There are three reasons why a company might give an employee a global assignment: filling functional needs, developing the employee for upper management, and developing the company itself. Anne-Wil Harzing of the University of Melbourne further categorises these employees as ‘bears, bumblebees and spiders’. Those playing the role of bears are the long arm of headquarters control. The bumblebees transfer (cross-pollinate) their corporate culture. Harzing’s spiders weave the informal communication networks so important in connecting far-flung branches, subsidiaries and all strategic partners.
types of corporations making global assignments
|ORGANIZATIONAL CHARACTERISTICS ↓||Multinational corporations||Global corporations||Transnational corporations|
|CONFIGURATION OF ASSETS & CAPABILITIES||decentralised and nationally self-sufficient (Unilever, Philips)||centralised and globally scaled, but trending to decentralised model. (automakers, Japanese firms)||dispersed, interdependent, and specialised (Matsushita, Siemens)|
|ROLE OF OVERSEAS OPERATIONS||sensing and exploiting local opportunities||implementing parent company strategies||differentiated contributions by national units to integrated worldwide operations|
|TYPICAL EXPATRIATE ROLES||engineers, specialists as needed||senior managers (middle- and line-management are localised)||both: specialists and managers, depending on cultural climate|
|ARE THEY 'EXPORTING' BEARS, BEES or SPIDERS?||bees and spiders||bears, mostly||depends on the country or market: mostly bees & spiders|
Moreover, recent advances in IT still cannot replace the importance of face-to-face contact with clients and competitors alike, according to Dr. Jonathan Beaverstock of the UK’s Loughborough University. Beaverstock accurately predicted that expatriation will become more frequent, short-term and project-based.
Any strategic assessment of a corporate relocation policy’s cost drivers begins near the top with a self-recognition of how the company financially accounts for all relocation costs (‘real’), and where those costs are allotted. Applied tactically, a cost recognition function assembles all information on the cost of a transfer, in one place, for case-by-case review and approval.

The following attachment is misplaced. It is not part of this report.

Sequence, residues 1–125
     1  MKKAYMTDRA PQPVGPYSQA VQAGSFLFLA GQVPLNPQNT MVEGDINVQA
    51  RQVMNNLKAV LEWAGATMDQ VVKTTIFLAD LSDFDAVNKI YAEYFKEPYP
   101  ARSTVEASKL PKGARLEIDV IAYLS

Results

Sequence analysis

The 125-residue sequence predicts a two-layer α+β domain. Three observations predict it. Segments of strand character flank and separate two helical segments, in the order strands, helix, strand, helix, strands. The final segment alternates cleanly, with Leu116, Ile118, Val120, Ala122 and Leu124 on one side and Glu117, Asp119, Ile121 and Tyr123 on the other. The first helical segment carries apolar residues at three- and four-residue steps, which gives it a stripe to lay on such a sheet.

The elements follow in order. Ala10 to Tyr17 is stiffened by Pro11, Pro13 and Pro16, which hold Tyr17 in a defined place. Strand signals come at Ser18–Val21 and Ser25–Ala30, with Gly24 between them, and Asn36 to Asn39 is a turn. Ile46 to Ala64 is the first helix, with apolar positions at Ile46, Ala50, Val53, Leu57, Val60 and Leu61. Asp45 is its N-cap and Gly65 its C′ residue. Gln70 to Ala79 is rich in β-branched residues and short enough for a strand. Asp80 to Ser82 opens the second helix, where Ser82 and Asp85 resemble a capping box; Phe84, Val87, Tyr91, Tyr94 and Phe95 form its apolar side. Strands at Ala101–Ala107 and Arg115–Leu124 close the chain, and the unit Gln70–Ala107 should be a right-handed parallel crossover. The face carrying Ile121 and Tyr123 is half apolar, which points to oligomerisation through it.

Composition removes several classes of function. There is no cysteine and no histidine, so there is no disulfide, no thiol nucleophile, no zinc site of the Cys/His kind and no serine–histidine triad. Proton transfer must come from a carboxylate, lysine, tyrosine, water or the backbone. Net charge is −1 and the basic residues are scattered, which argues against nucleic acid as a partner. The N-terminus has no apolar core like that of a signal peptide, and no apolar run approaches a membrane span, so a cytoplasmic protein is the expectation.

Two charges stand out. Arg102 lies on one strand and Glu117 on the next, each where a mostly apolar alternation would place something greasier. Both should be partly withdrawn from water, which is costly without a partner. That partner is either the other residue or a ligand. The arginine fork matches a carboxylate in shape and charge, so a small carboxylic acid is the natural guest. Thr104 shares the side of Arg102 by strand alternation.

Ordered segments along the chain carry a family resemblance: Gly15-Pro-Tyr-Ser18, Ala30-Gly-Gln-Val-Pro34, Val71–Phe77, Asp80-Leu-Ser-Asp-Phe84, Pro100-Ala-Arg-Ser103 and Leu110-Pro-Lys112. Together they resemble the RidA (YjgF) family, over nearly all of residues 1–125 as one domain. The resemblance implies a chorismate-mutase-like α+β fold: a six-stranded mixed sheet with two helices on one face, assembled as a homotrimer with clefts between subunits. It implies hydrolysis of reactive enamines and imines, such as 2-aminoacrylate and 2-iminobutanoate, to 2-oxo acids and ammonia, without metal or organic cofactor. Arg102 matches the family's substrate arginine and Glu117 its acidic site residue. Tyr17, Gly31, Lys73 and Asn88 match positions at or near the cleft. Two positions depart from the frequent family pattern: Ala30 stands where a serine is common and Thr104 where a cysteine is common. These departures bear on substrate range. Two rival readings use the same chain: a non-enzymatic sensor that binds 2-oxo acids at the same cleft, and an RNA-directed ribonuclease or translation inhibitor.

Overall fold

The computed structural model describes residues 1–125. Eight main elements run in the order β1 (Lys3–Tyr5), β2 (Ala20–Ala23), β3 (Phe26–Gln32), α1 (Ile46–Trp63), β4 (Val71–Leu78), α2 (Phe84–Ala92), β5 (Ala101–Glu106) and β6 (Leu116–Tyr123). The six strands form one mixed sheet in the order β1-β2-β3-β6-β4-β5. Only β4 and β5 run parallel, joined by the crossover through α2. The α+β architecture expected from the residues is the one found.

Relocation cuts across many areas (both organisational and geographic), including travel, transportation, human resources and payroll. Corporate finance systems are usually not designed to track this seemingly unrelated cost data in concert. As a consequence, the decision-maker for any given transfer will be weighing its business value using incomplete (‘perceived’) cost figures.
The employer’s case-by-case recognition of relocation costs means understanding the total cost of any given global assignment before it is originated. Then the finance and HR departments must track and report actual costs to budgets. This represents the smallest category of relocation cost drivers, but the way this ‘inexpensive’ work is carried out can reverberate, multiplying the size of the other, much larger, cost drivers.
During the relocation process, the people managing the relocations (internal or outsourced) must track, report and especially manage exceptions to the relocation policy. Tracking and reporting exceptions will usually reduce an employer’s overall relocation spend by 7 to 9 percent.
Responding to a 2005 Survey of global assignment management practices commissioned by a US-based third-party relocation management company, 31 percent of surveyed employers indicated that they track exceptions on a per-assignment basis for budgetary purposes, 23 percent track exception on an overall basis in order to identify policy components that need review, and 39 percent do not track the cost or type of exceptions granted. (Seven percent were not able to answer the question.)
The second smallest relocation cost driver is the process of carrying out the relocation programme, whether it is internal payroll and administrative costs or fees paid to a relocation management service provider. Depending on the size and organisation of a company, different departments, such as finance or human resources, may administer the relocation programme. Some may lack any formal programmes while others have highly structured processes. Moreover, different operating units (who do not always communicate with each other properly) may administer different aspects of the programme.